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Note: This interview originally ran as part of our coverage of the 2011 Tribeca Film Festival. Gnarr will be available on nationwide VOD and iTunes on February 7, 2012.
In 2009, silver-tongued satirist Jon Gnarr formed a punk political party and ran for mayor of Reykjavik. His Best Party, made up of members with no background in politics, campaigned by parodying the Icelandic government, largely for the country’s economic meltdown. But as the Best Party pulled ahead in the polls, what started as a joke snowballed into the election of a comedian. Lucky for us, filmmaker Gaukur Úlfarsson caught the whole hoax on camera.
Tribeca: How long had you known Jon? What inspired you to document his campaign for mayor of Reykjavik?
Gaukur Úlfarsson: I had not known Jon personally for more than one year. I obviously had known of him from his work and was a huge fan, but we met formally at a dinner party at a mutual friend’s place and got along really well. After that, we spoke almost every day and started working on writing a TV project together. While we were doing that he was constantly talking about wanting to run for Mayor. I didn't take that too seriously and thought it wasn't such a good idea. But one night when I couldn't sleep, I had some sort of a vision, that actually this could be brilliant, and I decided to start recording the process.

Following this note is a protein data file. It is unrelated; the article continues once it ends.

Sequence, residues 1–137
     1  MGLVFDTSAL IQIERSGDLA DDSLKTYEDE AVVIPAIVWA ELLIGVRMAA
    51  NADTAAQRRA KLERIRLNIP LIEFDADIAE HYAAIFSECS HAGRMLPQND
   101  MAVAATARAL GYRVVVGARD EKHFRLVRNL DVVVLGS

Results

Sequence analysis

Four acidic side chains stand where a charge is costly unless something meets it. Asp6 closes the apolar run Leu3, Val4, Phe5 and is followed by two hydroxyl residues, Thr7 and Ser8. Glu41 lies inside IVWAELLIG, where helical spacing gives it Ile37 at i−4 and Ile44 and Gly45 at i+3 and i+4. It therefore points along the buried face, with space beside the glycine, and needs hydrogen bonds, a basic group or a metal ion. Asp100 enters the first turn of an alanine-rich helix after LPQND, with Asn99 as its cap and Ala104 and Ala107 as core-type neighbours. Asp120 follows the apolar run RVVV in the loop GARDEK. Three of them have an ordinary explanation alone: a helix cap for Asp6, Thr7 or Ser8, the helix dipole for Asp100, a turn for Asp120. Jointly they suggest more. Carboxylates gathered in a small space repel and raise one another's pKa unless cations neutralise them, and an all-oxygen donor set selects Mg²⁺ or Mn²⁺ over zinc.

Tribeca: What is it that makes comedy so sincere a form of communication?
Gaukur Úlfarsson: In the case of Jon running for Mayor, I think that the people of Reykjavik were so fed up with all the fighting and arguing of the usual politicians, and because of the collapse, all of this tiresome noise magnified and nobody seemed to be able to get anyone's attention. So Jon playing the funny simpleton politician, the one that has no idea what’s going on, was a breath of fresh air to most people.
Tribeca: What's the craziest thing (or "lightning strikes" moment) that happened during production?
Gaukur Úlfarsson:There were many crazy things that happened, as you can imagine. Jon is quite unpredictable, as you can see during the film, and he is unafraid to do really strange things. But I would have to say that the result from the vote has to be the craziest of all.
Tribeca: What’s the biggest thing you learned while making Gnarr, particularly about the realm of politics?
Gaukur Úlfarsson: I think it would have to be what we are seeing now, with the Best party in charge, (all people that have no prior experience with politics), and the fact that things haven't collapsed yet. Those were the scare tactics of the other parties, to get the voters to realize that if we elected these clowns, the city would go down in flames. We have been taught to believe that there are special types of humans best fit for running our lives. That is a great big lie as we are seeing now.
Tribeca: What do you want audiences to take away from Gnarr?